Tuesday, November 02, 2010

child as...

Mario sent the following quote about US president Jimmy Carter from a Splintered History of Wood
"When I tire of the computer screen, I can walk twenty steps to my woodshop and immerse myself in my current project," Carter says. And why does an octogenarian, financially secure, Nobel Peace Prize recipient, Emory University professor, Carter
Center (Waging Peace. Fighting Disease. Building Hope.) leader, and prolific author continue to make sawdust?

"What we need in our lives is an inventory of factors that never change. I think that skill with one's own hands—whether it's tilling the soil, building a house, making a piece of furniture, playing a violin, or painting a painting—is something that doesn't change with the vicissitudes of life. [Woodworking is] a kind of therapy, but it's also a stabilizing force in my life—a total rest for my mind." -President Jimmy Carter
Today, I have been thinking about the child as craftsman metaphor and what it contributes to our understanding of education. Nearly the same point could be made, through "the child as athlete", or "the child as musician," or "the child as builder," or "the child as farmer," or "the child as dancer," or "the child as..." and here I name all the wonderful human occupations that reflect the full range of serious adult human intelligences that are represented in Howard Gardner's Frames of Mind.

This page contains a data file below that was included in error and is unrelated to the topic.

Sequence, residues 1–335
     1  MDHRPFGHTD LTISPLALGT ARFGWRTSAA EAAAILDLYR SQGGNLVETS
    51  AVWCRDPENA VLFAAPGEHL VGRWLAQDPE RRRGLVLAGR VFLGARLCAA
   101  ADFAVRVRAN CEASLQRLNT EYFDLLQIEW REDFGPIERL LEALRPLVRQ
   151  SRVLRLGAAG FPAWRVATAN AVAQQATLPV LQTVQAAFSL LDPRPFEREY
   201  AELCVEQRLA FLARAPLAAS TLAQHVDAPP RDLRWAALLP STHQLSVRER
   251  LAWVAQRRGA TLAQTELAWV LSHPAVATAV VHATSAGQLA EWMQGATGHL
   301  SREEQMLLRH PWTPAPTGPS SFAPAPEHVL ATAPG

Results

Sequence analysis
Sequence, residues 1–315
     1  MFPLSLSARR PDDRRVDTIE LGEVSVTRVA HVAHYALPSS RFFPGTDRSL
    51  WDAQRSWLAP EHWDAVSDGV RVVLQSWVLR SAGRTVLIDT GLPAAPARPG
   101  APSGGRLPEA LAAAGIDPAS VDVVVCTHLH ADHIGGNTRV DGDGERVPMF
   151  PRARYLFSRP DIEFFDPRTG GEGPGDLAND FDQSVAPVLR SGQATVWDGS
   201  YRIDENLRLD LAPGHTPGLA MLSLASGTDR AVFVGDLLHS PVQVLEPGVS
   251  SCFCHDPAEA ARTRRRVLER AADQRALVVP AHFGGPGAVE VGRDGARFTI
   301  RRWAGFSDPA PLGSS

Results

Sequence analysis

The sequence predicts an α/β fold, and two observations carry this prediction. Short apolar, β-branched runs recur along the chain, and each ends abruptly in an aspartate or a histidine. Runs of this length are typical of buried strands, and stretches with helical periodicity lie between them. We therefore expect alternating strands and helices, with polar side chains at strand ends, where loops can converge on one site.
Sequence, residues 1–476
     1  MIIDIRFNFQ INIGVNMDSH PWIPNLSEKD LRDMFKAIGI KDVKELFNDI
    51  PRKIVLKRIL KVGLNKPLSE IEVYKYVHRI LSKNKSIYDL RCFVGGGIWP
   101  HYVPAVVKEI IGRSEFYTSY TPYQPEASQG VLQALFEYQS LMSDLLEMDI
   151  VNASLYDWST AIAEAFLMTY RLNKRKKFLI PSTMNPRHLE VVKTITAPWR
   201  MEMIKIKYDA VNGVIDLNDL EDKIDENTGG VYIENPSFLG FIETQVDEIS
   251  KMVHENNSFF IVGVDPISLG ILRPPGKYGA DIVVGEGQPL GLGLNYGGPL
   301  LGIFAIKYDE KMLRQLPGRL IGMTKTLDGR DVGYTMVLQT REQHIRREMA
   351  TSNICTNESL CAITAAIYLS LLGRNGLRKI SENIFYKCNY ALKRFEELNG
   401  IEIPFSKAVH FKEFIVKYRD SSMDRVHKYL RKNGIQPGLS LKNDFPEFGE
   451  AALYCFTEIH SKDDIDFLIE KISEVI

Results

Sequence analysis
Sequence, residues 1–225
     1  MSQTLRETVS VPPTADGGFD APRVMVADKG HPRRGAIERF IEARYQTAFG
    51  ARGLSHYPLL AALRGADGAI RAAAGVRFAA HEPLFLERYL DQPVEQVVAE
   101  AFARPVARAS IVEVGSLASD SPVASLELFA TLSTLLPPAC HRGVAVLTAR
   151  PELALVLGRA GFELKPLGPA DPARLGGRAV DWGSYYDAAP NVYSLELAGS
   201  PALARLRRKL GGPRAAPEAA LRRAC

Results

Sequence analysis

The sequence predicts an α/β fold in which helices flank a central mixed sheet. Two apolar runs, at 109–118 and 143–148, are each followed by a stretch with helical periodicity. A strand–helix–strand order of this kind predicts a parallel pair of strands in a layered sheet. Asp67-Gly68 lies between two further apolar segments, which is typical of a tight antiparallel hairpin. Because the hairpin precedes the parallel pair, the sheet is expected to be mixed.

Today I am reading the latest issue of Wooden Boat (Nov/Dec 2010) and it contains an article about the Spaulding Wooden Boat Center in Sausalito, CA. Its founder, Myron Spaulding (1905-2000) designed and built his first wooden boat at the age of 16, and in addition to designing, building and sailing yachts, had a parallel career as a violinist with the San Francisco Symphony Orchestra. It is typical for healthy full dimensioned human beings to have a wide range of interests, and capabilities. Just as Jimmy Carter's wood shop is only a few feet from his computer on which he corresponds and manages a full range of other important projects, human beings including children must be encouraged in their full dimensions.

I am attempting again to turn my attention to the idea of a Beaufort Scale of educational assessment, and my first point is that it has no similarity to the artificial construct of standardized testing. Rather than only measuring math skills, logic and reading skills, it is concerned with joy of learning and the full range of human intelligences... the child as craftsman and athlete and more. It is a frame through which to bear direct witness to real learning as expressed joy. To see Archimedes sprinting naked in unrestrained enthusiasm for his discovery, is an expression of joy. It represents the top of the scale, and is what parents, teachers and students should be aiming toward in creating an educational model.
In the photo above, you can see the flipping story stick I use in setting up the router table for routing recesses for knife hinges to fit. In the trial fit at above, the hinge still protrudes too far. When I square the end of the routed groove with a chisel, I'll have a perfect fit.

1 comment:

Anonymous said...

Story sticks have saved quite a few of my projects from ending up in the firewood pile.

Mario